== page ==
Early last month, South Korea’s Songdo hosted to the latest meeting of the Green Climate Fund (GCF). CDKN’s Christina Elvers observed that compared to last year’s disappointing meeting in Zambia, GCF managed to make some major progress with the US signing the first tranche ($500m) of their commitment to the GCF. Riding on the momentum of the Paris Agreement, 2016 should be a very important year for the fund as it committed itself to take funding decisions worth $2.5 bn in 2016 for mitigation and adaptation projects. The main challenge is whether the fund delivers to those nations most in need.
GCF’s stated aim of providing direct access to developing countries, and thus bringing about a “paradigm shift” in terms of access to finance for vulnerable countries. However many developing countries would need support in preparing the proposals, as the President of Kiribati rightly pointed out in the Guardian early this year. At the moment, many of these small developing nations do not have means to access the fund directly but only though accredited private entities such as banks and multilateral institutions approved by GCF. Understandably simplifying the accreditation process is not on the table, as accountability to donors as well as to poor people is of prime importance, point out Harjeet Singh from Action Aid. It is therefore a positive development that GCF has finally approved a readiness support to Rwanda whose direct access entity, MINIRENA, received a $1.5m grant to prepare the proposals.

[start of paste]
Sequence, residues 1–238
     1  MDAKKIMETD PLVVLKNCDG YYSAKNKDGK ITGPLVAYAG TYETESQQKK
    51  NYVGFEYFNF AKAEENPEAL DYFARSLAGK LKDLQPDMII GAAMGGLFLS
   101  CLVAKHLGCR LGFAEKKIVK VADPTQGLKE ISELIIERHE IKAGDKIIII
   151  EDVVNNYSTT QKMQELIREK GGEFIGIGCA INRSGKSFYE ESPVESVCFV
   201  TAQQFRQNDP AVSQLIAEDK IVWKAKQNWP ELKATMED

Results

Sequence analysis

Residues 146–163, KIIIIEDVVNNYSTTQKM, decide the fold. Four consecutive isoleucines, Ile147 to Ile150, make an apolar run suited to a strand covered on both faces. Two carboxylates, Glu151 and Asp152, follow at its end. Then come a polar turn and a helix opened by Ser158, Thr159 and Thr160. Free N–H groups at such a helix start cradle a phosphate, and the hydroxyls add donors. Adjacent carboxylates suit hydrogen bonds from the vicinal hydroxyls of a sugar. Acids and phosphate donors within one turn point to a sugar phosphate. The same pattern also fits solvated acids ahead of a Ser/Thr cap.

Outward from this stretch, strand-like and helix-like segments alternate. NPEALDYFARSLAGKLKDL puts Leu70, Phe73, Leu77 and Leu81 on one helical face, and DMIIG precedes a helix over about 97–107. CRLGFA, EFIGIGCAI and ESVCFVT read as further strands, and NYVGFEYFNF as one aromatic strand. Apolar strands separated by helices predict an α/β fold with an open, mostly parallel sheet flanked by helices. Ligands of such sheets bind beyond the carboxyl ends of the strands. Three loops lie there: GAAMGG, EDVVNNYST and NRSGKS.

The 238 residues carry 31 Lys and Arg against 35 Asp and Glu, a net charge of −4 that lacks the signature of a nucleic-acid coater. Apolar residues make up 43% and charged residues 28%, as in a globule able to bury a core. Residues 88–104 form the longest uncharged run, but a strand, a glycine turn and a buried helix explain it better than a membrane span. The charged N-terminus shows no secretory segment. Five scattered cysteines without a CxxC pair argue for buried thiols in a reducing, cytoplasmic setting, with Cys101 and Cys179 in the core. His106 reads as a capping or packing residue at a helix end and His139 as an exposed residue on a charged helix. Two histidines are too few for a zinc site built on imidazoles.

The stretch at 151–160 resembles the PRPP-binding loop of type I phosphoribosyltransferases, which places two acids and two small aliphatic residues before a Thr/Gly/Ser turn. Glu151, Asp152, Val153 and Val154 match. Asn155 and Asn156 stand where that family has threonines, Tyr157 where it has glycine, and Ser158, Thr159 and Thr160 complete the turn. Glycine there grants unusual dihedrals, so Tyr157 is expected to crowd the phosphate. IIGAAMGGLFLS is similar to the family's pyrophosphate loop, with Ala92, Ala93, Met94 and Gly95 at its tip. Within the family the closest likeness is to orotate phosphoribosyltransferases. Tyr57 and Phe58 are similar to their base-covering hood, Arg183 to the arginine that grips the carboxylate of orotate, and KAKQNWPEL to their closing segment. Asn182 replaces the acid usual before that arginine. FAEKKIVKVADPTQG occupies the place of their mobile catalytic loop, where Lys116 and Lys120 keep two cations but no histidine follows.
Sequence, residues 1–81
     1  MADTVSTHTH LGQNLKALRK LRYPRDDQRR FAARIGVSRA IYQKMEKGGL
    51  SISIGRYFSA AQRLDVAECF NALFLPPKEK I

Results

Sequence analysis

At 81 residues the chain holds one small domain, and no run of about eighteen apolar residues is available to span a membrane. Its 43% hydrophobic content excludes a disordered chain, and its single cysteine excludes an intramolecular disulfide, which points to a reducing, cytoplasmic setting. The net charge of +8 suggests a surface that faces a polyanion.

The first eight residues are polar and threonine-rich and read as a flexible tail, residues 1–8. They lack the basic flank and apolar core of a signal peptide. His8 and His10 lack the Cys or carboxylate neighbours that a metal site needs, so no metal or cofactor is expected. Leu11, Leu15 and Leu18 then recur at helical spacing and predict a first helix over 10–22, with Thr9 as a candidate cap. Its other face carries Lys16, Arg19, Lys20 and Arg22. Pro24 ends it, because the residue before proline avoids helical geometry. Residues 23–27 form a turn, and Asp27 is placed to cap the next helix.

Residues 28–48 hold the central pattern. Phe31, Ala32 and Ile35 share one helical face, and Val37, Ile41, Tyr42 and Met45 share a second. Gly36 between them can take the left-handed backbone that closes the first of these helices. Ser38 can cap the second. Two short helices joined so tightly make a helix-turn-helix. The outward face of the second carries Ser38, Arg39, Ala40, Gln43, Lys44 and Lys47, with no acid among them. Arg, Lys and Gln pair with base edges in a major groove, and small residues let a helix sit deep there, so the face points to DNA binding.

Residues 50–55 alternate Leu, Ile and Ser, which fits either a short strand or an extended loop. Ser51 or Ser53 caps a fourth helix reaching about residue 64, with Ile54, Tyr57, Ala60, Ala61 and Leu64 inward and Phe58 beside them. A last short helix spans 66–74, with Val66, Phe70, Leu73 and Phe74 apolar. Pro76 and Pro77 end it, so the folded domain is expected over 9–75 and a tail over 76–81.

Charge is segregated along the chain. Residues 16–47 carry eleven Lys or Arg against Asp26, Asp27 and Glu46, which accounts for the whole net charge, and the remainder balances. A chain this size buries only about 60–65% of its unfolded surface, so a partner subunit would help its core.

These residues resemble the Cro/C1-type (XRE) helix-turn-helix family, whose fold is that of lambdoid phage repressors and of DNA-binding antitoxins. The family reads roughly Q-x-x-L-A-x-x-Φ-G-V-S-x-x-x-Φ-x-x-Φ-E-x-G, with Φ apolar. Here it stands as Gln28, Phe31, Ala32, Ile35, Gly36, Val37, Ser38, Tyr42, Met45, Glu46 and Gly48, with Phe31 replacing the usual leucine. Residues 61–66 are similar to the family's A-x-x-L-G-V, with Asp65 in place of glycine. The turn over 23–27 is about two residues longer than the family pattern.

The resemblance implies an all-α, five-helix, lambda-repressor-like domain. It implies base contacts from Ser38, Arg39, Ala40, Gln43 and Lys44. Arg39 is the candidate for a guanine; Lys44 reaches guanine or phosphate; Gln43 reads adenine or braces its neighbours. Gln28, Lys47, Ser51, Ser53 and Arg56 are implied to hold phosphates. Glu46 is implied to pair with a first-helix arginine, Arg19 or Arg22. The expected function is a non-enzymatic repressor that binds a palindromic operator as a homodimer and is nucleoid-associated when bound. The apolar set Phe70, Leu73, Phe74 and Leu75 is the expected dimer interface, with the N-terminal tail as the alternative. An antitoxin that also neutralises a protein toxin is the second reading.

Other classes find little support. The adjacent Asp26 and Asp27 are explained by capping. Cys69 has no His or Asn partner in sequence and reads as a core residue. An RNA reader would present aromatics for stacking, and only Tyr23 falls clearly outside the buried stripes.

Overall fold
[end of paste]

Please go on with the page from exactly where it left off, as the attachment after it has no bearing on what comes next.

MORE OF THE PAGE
Many questions though whether it is the right decision to spend such large amount on preparation support and this is where carbon market frameworks come in the pictures. In 2012, the CDM High-Level Panel on the CDM Policy Dialogue proposed that GCF shall build on “CDM standards and methodologies in accounting for payments for verified results, so as to leverage the achievements, knowledge, and resources of the CDM”. While some part of their recommendations, such as purchase of CDM credits clearly cannot be considered due to the additionality criteria, it might worth to reflect on the lessons learned on this long-standing mechanism of emission reductions. Besides CDM, Gold Standard can also provide GCF with knowledge on how to set the standard which enables project developers to deliver high-impact, community focused emission reduction projects in developing countries. It is only by learning from these institutions’ past experience that GCF will be able to design a financial response that would truly lead to a paradigm shift.